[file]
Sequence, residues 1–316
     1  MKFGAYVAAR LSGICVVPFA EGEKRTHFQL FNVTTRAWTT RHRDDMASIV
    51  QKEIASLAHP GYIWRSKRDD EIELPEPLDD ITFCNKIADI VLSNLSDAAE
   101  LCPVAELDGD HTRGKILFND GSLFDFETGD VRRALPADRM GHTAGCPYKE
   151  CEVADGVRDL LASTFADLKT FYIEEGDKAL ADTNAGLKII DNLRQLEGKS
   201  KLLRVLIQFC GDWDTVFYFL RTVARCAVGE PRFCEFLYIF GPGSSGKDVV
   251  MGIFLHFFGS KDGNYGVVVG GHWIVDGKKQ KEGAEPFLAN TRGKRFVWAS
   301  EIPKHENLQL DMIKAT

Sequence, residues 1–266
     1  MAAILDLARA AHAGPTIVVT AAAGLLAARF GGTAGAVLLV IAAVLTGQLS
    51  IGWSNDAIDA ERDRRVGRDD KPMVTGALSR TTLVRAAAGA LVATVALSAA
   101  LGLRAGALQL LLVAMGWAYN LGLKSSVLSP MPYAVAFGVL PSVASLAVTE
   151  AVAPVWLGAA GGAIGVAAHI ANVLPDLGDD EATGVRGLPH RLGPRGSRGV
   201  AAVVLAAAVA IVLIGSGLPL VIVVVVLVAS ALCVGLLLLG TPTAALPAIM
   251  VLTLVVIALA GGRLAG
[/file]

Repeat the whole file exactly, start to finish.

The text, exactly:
Sequence, residues 1–316
     1  MKFGAYVAAR LSGICVVPFA EGEKRTHFQL FNVTTRAWTT RHRDDMASIV
    51  QKEIASLAHP GYIWRSKRDD EIELPEPLDD ITFCNKIADI VLSNLSDAAE
   101  LCPVAELDGD HTRGKILFND GSLFDFETGD VRRALPADRM GHTAGCPYKE
   151  CEVADGVRDL LASTFADLKT FYIEEGDKAL ADTNAGLKII DNLRQLEGKS
   201  KLLRVLIQFC GDWDTVFYFL RTVARCAVGE PRFCEFLYIF GPGSSGKDVV
   251  MGIFLHFFGS KDGNYGVVVG GHWIVDGKKQ KEGAEPFLAN TRGKRFVWAS
   301  EIPKHENLQL DMIKAT

Sequence, residues 1–266
     1  MAAILDLARA AHAGPTIVVT AAAGLLAARF GGTAGAVLLV IAAVLTGQLS
    51  IGWSNDAIDA ERDRRVGRDD KPMVTGALSR TTLVRAAAGA LVATVALSAA
   101  LGLRAGALQL LLVAMGWAYN LGLKSSVLSP MPYAVAFGVL PSVASLAVTE
   151  AVAPVWLGAA GGAIGVAAHI ANVLPDLGDD EATGVRGLPH RLGPRGSRGV
   201  AAVVLAAAVA IVLIGSGLPL VIVVVVLVAS ALCVGLLLLG TPTAALPAIM
   251  VLTLVVIALA GGRLAG